A Whale of a Tale . . .
With Hooks, Lines and Singers
In A Whale of a Tale . . . With Hooks, Lines and Singers, members of the Five Island Rug Hooking Group have combined their expertise in design, colour, texture and rug hooking techniques with the power of song. This potent combination of creativity has resulted in thirty-five pieces of textile art that have been inspired by the sounds of music, the stories in the lyrics and the emotions evoked by both. A Whale of a Tale . . . With Hooks, Lines and Singers began as a rug hooking project organized with Festival 500 Sharing the Voices to showcase a passion for music and song, for the visual and performing arts, and for the storytelling tradition. The project evolved into a beautiful book that follows the progress of the rugs and tells the stories behind each one. Throughout the various sections of the book are practical instructions, with accompanying photos, on how to create exquisite hooked rugs. Frances and Maxine Ennis have been creating originally designed hooked rugs since 2002. Their rugs tell a story about who they are as individuals, where they come from and what they cherish about life and living in Newfoundland and Labrador. These sisters-in-law have enhanced their relationship and their rug hooking skills together and separately by attending workshops, courses and conferences, teaching rug hooking classes and collaborating on rug hooking projects. The Five Island Rug Hooking Group formed in 2008. The core group consists of about twenty girls and women, with another ten to twelve becoming involved in projects of particular interest to them. The group specializes in creating one-of-a-kind, originally designed story rugs related to a theme.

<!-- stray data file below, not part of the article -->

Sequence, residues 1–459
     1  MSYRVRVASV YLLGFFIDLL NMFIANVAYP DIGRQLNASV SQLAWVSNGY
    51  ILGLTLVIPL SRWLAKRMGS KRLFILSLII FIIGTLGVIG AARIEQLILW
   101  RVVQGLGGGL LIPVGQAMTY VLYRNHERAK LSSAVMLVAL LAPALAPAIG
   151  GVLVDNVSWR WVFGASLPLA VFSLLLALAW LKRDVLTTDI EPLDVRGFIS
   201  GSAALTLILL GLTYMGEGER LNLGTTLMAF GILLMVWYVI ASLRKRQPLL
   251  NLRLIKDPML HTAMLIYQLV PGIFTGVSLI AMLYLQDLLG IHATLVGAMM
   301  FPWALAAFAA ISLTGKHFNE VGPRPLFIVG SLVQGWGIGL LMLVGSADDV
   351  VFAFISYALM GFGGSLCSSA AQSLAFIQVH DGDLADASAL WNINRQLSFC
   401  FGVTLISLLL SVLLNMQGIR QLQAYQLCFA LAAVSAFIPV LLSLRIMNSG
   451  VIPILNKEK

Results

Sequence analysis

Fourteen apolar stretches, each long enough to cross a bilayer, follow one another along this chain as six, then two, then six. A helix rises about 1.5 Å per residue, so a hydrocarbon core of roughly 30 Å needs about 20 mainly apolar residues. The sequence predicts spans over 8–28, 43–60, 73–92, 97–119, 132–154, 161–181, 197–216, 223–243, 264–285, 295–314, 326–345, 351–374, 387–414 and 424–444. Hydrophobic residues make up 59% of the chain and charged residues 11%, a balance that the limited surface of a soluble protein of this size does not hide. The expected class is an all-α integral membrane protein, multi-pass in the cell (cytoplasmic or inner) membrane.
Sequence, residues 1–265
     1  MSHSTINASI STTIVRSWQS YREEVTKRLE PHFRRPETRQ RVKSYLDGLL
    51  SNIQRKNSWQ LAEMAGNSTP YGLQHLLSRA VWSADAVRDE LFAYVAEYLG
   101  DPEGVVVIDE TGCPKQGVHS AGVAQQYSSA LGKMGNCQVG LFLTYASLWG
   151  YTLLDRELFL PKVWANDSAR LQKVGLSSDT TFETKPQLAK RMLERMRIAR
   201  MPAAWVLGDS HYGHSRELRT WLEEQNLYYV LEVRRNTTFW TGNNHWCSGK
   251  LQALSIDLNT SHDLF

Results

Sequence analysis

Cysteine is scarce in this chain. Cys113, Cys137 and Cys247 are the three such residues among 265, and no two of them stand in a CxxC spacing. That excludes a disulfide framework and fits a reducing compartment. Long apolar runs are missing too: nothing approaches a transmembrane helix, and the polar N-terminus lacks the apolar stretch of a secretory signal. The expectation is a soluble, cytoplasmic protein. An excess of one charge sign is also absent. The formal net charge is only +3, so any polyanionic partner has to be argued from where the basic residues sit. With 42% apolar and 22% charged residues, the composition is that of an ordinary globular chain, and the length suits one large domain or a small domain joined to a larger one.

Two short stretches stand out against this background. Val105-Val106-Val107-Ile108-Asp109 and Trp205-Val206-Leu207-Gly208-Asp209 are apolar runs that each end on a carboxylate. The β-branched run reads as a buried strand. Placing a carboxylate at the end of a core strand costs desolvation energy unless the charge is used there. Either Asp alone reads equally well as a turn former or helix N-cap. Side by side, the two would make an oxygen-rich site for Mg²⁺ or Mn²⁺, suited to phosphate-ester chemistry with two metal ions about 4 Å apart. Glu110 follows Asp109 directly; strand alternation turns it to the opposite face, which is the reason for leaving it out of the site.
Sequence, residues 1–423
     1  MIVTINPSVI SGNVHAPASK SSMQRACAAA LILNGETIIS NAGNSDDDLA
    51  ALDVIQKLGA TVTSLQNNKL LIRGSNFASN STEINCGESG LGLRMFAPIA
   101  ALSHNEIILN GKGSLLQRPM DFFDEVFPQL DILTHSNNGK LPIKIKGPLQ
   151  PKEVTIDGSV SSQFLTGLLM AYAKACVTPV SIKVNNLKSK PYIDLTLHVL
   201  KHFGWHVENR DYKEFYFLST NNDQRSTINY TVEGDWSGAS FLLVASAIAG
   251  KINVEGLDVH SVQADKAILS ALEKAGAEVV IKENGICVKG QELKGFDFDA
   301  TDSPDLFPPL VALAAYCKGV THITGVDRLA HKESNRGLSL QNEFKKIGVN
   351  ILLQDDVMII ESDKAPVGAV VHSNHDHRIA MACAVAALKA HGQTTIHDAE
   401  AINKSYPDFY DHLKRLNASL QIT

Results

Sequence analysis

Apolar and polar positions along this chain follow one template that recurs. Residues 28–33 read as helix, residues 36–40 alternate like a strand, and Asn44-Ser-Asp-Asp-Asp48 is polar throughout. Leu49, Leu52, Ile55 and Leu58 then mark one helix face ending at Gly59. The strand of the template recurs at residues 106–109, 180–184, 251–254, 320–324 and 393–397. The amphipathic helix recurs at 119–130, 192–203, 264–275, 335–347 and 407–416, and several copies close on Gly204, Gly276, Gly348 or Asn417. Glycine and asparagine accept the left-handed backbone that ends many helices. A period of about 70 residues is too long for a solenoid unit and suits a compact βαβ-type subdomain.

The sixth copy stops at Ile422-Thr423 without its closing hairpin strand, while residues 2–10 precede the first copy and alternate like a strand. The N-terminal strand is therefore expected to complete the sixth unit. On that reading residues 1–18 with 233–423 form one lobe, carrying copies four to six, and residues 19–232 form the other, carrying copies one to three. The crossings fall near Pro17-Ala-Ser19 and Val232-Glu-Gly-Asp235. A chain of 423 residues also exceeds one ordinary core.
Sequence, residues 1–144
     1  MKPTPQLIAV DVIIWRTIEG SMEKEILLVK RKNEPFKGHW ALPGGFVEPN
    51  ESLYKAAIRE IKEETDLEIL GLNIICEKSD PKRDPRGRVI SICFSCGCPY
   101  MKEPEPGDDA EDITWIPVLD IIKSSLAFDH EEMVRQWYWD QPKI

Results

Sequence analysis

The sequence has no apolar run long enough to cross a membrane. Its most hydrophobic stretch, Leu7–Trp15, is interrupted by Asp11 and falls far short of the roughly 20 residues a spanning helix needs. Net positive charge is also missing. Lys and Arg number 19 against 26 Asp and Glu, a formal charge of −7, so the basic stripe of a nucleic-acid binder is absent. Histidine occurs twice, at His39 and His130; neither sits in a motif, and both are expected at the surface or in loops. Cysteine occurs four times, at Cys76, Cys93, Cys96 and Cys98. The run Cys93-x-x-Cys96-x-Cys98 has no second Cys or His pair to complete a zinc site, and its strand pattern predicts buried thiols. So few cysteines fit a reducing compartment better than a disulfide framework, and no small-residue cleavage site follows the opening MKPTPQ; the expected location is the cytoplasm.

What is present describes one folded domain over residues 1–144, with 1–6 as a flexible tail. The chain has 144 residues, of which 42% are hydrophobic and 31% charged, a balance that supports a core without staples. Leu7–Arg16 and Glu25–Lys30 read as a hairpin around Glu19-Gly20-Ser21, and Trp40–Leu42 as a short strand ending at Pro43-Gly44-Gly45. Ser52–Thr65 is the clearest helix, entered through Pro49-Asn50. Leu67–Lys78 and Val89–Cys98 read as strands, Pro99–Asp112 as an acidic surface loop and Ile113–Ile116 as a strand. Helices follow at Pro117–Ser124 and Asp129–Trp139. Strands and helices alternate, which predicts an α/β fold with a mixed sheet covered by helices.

"My grandmother hooked mats. They were not works of art, but they looked pretty good to me. They consisted of garlands of unlikely flowers around a light surface, which, I think, had a pattern stamped on it; the wools were precut. They disappeared after my grandmother grew too infirm to hook, and my father's income improved; this was about 1940. The [rugs] shown in the books reviewed today represent much higher levels of artistry and general attainment than my grandmother's. For one thing each is hand-designed. The materials are, some of them home-dyed, and come from raw sheep's wool to old T-shirts, and everything in between. Some are collaboratively made, with even the occasional man or child taking a part. They come in all sizes and many shapes.-- PEI Guardian --
You have no items in your shopping cart